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Rectangular Inspiration

Published 01 June 2007   

Singaporean designer Grace Tan muses upon the rectangle to shape out some wonderfully quirky pieces for her clothing label, Kwodrent. She shares with FRV how her design ideas take flight.

The love relationship with the rectangle began in the second year at fashion school. “I wanted to present something pure and meaningful, without referencing past styles or trends,” Grace, the affable 27-year-old designer says. With that in mind, she started focusing on geometric and organic shapes, and soon discovered that the rectangle made a wonderful “starting point with endless possibilities”. Since then, this fateful shape has been a constant root in Grace’s designs, following her through a four year stint at Song+Kelly, and four collections from her own label Kwodrent, which she established in 2003.

It is a fascinating paradox that while Grace limits herself to a rectangular piece of cloth, her creation process and views on apparel are anything but fixed. She does no such things like paper plans or detailed technical drawings. Instead, she lets spontaneity take over and gets inspiration from “nature and everything”. She folds, she bunches, she ties, she joins, she mixes materials and fabrics – whatever the method, the result is always something strikingly out of the ordinary. Her latest 2007 collection of neckpieces and decorative components, for example, takes its cue from the organic forms of plants with a view that they are a “symbolism of all living things”. Similarly, the flouncy skirts and intricate sashes from her third collection in 2005 are created with chrysanthemums and bird’s wings in mind. She conceptualizes and creates all these pieces herself, and labels and dates each one of them.

Currently based in London, Grace is surprised how well her “weird accessories” have been received there. She doesn’t really think about who Kwodrent’s target customers are, because she feels that the designs will speak to every individual differently. The open-endedness of her pieces is deliberate, because she strongly adheres to empowering the wearer. “I believe we should have our own interpretation and voice when we put something on. The object becomes the person and not the person becoming the mannequin for the garment or accessory,” she says.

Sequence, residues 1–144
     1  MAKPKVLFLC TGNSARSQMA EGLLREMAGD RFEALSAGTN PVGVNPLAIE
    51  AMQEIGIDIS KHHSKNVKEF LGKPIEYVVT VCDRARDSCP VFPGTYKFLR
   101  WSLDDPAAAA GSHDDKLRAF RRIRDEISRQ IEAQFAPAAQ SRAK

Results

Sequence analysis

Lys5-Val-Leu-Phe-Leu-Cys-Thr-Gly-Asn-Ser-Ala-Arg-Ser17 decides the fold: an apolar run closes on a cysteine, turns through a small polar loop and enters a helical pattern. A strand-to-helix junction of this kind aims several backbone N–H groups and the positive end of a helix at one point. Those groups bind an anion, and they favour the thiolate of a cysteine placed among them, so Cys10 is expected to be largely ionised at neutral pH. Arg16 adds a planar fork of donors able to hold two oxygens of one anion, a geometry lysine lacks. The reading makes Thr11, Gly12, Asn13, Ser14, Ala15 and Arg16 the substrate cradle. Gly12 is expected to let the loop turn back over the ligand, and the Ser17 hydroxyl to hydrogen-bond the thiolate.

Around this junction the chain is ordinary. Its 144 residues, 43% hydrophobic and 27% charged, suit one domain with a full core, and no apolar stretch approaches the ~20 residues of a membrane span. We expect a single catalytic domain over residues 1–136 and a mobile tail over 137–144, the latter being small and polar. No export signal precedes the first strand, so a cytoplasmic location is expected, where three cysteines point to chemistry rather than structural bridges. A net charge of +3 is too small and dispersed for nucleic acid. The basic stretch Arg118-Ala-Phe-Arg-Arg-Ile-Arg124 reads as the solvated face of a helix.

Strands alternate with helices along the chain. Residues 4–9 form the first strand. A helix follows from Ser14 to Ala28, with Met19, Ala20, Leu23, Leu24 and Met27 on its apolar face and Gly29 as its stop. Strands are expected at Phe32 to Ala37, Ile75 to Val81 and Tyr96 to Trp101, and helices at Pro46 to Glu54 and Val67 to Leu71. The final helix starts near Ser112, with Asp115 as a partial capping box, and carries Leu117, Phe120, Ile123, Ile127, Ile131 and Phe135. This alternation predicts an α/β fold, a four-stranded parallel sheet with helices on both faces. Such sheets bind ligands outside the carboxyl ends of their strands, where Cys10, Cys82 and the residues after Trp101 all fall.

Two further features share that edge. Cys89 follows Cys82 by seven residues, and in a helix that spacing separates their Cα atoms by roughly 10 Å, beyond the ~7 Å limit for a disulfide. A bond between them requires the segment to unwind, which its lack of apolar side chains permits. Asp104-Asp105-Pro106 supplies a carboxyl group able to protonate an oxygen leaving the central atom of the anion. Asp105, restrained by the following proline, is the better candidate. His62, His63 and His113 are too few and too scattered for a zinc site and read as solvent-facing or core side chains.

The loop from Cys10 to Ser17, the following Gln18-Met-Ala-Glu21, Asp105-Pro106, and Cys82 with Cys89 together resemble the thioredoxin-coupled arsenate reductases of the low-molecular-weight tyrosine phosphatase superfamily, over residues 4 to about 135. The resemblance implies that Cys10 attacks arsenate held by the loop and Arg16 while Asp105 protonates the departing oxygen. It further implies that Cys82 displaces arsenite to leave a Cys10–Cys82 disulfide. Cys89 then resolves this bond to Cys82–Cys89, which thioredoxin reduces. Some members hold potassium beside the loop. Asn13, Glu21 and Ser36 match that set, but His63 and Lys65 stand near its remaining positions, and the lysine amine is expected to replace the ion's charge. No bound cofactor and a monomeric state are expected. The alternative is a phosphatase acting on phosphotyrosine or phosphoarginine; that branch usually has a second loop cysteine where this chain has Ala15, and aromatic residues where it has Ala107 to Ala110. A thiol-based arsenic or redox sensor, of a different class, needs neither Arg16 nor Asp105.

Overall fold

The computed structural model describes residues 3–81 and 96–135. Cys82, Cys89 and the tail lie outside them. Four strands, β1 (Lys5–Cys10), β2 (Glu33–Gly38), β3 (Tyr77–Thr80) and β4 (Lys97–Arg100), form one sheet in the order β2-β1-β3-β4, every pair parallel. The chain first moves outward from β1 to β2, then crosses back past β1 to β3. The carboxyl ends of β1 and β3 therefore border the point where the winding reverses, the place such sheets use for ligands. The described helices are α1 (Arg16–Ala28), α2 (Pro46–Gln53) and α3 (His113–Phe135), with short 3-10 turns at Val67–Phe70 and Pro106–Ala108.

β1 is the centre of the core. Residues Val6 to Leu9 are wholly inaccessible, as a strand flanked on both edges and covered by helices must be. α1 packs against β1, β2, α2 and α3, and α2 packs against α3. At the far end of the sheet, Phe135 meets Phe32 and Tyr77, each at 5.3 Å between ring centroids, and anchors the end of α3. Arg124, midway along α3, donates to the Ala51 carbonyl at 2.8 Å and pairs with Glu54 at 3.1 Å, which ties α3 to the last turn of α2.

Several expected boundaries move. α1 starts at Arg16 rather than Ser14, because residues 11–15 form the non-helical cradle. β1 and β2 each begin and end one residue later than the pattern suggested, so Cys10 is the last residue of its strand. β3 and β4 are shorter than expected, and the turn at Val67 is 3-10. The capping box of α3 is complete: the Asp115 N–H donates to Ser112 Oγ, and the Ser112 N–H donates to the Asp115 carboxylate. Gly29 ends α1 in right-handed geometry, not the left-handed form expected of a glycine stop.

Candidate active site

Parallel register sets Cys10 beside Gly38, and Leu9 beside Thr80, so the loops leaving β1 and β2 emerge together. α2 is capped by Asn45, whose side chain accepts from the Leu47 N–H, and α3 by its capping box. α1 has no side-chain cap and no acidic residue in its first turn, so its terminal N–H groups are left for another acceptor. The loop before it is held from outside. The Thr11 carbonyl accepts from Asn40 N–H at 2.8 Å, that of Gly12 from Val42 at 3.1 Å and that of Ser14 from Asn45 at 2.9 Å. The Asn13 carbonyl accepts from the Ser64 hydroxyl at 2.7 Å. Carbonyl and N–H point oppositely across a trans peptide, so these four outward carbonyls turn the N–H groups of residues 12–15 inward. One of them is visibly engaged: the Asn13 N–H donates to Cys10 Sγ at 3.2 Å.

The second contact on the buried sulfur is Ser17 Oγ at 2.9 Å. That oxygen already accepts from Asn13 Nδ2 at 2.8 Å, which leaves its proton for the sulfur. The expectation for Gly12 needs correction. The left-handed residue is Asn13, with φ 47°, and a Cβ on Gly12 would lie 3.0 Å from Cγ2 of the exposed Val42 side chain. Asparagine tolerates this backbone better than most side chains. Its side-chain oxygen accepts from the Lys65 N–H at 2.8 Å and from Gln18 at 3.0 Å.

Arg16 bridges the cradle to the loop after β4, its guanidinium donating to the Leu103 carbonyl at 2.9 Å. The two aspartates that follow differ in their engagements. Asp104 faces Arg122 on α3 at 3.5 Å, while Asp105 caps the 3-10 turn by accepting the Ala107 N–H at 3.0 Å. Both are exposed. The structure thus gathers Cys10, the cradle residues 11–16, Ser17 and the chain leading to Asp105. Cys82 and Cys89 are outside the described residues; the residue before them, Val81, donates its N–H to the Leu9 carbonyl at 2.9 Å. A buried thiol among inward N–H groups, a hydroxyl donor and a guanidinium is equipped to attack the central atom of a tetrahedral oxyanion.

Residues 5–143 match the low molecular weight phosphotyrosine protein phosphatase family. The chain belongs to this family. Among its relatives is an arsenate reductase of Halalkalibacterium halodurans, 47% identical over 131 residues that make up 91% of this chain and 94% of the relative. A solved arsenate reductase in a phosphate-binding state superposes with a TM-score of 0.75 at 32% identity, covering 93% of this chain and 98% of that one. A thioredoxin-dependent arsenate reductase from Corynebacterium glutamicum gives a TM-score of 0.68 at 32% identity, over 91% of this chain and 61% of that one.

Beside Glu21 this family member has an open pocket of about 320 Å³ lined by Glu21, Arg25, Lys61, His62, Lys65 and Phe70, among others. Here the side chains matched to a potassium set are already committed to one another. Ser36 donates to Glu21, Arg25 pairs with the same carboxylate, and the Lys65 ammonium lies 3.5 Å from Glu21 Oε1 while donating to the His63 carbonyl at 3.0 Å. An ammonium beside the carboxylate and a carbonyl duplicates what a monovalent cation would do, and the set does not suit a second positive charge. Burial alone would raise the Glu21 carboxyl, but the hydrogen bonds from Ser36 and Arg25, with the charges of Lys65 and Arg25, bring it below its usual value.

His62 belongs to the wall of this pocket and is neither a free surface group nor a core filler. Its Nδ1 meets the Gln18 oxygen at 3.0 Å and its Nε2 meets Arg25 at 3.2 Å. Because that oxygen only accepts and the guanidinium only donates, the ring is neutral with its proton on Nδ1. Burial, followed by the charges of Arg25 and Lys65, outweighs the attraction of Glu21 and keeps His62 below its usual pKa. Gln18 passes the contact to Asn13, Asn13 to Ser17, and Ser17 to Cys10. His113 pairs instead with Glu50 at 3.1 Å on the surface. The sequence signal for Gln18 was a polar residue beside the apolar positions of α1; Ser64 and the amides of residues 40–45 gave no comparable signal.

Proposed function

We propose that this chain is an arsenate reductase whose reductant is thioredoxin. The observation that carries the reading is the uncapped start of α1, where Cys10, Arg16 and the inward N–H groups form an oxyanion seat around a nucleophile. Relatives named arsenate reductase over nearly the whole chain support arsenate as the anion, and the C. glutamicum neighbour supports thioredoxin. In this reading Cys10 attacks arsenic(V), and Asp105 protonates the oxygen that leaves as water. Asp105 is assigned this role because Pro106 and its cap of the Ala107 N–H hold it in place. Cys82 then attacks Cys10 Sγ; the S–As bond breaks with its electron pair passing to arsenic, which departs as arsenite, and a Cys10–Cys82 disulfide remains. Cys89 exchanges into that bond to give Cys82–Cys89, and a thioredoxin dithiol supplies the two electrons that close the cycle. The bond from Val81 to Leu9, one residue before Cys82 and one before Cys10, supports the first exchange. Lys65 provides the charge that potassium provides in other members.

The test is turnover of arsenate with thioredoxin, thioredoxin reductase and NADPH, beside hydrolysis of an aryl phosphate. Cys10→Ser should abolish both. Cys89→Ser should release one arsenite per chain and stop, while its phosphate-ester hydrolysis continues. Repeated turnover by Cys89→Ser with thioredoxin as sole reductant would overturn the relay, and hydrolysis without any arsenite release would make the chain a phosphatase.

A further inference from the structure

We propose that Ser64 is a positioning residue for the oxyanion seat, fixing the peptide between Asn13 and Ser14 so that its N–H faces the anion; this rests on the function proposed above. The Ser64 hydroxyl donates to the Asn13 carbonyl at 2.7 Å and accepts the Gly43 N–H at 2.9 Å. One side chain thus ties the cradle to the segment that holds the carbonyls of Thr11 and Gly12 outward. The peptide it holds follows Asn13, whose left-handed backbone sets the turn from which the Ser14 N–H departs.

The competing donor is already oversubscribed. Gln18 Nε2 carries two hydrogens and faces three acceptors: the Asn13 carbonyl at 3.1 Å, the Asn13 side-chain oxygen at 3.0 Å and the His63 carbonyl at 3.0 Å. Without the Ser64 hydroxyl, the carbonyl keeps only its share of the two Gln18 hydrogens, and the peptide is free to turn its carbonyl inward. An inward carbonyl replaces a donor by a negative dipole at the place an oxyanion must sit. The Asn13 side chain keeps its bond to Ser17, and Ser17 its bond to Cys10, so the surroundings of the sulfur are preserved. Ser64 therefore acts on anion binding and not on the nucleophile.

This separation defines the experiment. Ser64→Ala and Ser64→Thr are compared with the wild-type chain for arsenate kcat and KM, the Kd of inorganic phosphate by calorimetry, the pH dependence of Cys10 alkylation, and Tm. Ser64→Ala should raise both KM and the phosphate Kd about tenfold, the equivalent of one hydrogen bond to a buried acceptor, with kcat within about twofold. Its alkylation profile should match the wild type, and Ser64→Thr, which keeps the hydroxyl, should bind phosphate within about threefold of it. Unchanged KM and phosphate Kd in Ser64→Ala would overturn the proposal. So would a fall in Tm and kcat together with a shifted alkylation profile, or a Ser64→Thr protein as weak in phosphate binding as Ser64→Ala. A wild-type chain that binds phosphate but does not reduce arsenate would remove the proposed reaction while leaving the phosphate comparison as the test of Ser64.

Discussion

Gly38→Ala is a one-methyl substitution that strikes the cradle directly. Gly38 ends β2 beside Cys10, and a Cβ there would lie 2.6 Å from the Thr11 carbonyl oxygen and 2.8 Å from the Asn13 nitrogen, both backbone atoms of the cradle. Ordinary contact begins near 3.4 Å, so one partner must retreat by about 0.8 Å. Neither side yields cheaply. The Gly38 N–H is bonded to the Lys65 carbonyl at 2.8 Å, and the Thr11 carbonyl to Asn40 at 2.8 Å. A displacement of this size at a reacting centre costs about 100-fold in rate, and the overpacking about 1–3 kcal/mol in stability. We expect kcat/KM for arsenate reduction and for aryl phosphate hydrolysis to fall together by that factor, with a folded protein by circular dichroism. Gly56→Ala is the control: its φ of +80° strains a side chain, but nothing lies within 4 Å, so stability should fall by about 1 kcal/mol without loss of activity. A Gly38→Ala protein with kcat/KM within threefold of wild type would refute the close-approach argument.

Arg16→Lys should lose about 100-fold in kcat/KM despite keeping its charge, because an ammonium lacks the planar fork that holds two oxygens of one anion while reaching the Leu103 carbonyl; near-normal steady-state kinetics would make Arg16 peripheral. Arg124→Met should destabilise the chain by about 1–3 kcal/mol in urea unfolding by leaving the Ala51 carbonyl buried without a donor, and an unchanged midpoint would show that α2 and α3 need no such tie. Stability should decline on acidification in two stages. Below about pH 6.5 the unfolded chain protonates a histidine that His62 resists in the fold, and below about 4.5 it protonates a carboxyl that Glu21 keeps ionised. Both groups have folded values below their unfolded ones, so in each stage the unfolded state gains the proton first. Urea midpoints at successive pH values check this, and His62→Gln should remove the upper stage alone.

In the meantime, Grace continues to search for new ways to manipulate the rectangle. She reckons that her work is becoming more abstract and expressive, and focusing more on accessories for modular dressing rather than clothes. Whatever the case, it’s all about going with the flow. As she articulates, “Kwodrent is an ongoing search for design and ideas…I don’t believe in completed work.”

Grace’s drastic departure from convention has created a couple of ripples in the fashion world, and deservedly so. By firmly holding on to her design ideals and ingeniously blending influences from nature and architecture, the Kwodrent label she’s established is truly one-of-a-kind. And to think it all started with an unassuming rectangle.

kwodrent

Available at:
The Asylum
22 Ann Siang Road
Singapore 069702
Tel: +65 324 2289

Assin
138 Little Collins Street
Melbourne 3000
Victoria, Australia
Tel: +61 3 96540158

The philosophy of Kwodrent
kwodrent is rectangle clothing kwodrent explores infinite possibilities working around the rectangle kwodrent pieces are numbered/recorded/dated kwodrent is progressive kwodrent is designed by hand kwodrent is made by hand kwodrent is life kwodrent is love kwodrent is happiness kwodrent is geometry kwodrent is architecture kwodrent is not fashion kwodrent is concept kwodrent is rhythm kwodrent is liberating kwodrent is thought process.